Sumaiya Khair Ph.D.
Professor of Law, University of Dhaka
& Adviser, Executive Management, Transparency International Bangladesh (TIB)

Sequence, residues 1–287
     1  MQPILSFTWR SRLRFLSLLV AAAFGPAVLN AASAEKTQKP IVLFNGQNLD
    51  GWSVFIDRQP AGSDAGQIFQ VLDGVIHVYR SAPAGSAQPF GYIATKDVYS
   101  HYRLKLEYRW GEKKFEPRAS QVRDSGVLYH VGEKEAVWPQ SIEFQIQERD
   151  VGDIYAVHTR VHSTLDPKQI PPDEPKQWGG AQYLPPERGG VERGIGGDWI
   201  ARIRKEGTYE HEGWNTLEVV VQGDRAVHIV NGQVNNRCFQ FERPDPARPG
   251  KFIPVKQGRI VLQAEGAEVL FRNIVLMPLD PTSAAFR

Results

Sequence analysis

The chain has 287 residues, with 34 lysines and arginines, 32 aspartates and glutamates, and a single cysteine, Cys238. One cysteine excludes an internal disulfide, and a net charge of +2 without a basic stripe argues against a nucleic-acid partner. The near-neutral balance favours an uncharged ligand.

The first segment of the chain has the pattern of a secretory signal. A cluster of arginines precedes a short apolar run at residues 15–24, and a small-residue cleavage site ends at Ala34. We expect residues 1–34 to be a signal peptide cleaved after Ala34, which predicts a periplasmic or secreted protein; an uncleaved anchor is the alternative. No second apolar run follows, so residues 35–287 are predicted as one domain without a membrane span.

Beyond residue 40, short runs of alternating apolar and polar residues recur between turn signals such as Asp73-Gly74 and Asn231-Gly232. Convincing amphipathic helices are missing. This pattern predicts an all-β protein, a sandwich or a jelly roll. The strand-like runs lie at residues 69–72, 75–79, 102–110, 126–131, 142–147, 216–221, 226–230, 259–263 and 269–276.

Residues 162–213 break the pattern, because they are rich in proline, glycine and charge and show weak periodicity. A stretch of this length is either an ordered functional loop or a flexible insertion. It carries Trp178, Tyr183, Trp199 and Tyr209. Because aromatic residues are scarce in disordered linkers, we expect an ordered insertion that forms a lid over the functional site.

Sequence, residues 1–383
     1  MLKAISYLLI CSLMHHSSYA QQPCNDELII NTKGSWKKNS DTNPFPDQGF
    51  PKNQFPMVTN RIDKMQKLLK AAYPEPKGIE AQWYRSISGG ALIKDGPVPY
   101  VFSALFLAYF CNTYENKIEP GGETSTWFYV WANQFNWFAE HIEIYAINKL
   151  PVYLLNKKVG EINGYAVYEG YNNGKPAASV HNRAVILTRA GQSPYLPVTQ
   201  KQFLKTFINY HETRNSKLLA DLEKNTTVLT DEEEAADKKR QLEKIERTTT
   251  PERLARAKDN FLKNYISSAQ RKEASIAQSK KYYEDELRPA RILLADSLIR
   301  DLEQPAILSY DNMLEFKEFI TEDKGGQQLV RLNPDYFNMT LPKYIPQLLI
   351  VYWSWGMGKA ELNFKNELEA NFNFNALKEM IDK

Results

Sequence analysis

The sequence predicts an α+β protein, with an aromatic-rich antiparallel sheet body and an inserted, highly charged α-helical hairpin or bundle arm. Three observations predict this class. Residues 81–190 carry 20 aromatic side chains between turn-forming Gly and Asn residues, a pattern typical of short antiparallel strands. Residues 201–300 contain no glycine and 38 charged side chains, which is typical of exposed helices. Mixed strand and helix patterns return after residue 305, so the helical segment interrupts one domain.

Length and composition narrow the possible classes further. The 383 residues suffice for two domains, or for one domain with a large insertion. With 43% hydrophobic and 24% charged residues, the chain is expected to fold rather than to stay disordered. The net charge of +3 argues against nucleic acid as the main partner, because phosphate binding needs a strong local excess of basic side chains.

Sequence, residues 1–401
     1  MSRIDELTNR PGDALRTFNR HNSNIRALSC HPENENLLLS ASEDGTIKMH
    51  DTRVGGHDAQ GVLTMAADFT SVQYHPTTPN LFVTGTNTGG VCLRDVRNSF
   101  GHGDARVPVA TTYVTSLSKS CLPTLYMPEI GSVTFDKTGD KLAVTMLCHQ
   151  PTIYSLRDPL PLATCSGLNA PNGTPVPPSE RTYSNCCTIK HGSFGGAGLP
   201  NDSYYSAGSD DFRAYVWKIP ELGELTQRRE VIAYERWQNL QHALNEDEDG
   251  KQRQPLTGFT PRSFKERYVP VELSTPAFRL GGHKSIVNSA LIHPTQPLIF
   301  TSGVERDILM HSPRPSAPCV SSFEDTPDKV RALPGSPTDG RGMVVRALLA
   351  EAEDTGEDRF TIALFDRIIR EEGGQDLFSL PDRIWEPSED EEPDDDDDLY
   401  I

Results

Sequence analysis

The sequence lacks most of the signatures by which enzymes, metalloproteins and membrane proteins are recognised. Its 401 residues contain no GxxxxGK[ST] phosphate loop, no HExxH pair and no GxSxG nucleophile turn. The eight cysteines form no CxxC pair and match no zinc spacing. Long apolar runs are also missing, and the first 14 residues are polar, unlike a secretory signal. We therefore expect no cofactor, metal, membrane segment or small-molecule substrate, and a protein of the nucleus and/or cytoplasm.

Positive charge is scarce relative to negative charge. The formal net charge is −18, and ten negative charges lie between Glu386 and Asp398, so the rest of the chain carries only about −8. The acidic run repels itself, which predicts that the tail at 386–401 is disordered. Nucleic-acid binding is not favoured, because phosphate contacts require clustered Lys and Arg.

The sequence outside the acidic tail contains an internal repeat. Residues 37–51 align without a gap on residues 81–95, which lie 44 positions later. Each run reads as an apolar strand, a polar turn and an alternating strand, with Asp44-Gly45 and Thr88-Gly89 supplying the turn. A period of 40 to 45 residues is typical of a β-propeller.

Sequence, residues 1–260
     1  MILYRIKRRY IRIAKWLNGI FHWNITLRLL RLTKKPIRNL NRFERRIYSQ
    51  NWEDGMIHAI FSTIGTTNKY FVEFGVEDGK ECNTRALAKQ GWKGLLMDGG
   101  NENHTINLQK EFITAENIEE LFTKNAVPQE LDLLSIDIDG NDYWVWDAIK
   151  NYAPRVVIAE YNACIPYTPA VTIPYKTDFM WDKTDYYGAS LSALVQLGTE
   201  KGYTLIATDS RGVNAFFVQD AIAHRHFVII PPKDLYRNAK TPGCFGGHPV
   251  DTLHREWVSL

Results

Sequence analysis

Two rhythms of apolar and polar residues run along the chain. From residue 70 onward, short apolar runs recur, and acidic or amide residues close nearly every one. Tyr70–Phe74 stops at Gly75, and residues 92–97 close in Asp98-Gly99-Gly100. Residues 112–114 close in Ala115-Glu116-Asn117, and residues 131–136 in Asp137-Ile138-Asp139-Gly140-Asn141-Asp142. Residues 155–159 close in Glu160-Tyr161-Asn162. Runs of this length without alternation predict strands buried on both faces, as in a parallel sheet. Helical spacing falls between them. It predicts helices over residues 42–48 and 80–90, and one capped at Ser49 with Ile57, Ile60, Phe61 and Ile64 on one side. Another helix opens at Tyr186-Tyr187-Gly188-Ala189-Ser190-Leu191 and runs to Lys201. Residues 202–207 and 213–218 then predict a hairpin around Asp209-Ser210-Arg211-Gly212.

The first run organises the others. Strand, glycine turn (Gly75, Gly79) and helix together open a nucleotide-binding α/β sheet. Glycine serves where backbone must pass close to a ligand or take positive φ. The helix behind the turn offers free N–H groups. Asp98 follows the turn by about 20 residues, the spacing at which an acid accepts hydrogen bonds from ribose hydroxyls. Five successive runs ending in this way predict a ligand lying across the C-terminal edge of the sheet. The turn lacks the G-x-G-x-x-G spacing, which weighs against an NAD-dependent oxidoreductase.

For years now, legal reform initiatives have been focusing on empowering the poor and the marginalized to make strategic use of the law to access justice. However, these have not always delivered the desired outcomes primarily because in many cases, this was done by simply grafting borrowed ideas from alien legal cultures without tailoring the responses to the socio-legal realities and without addressing in full the contradictions inhering in the economic, political and structural processes in a given society. Since the capacity of citizens to recognize rights and make a claim is constantly shifting in sync with structural processes, rights proponents and development workers need to draw on each other’s strengths and coordinate tactical measures, including research, learning and communication, to help articulate the needs of the people perceived by them as essential and identify multiple entry points for action and change. Disjointed initiatives, no matter how well-meaning, are likely to exacerbate the powerlessness of the poor in accessing justice and redressing rights.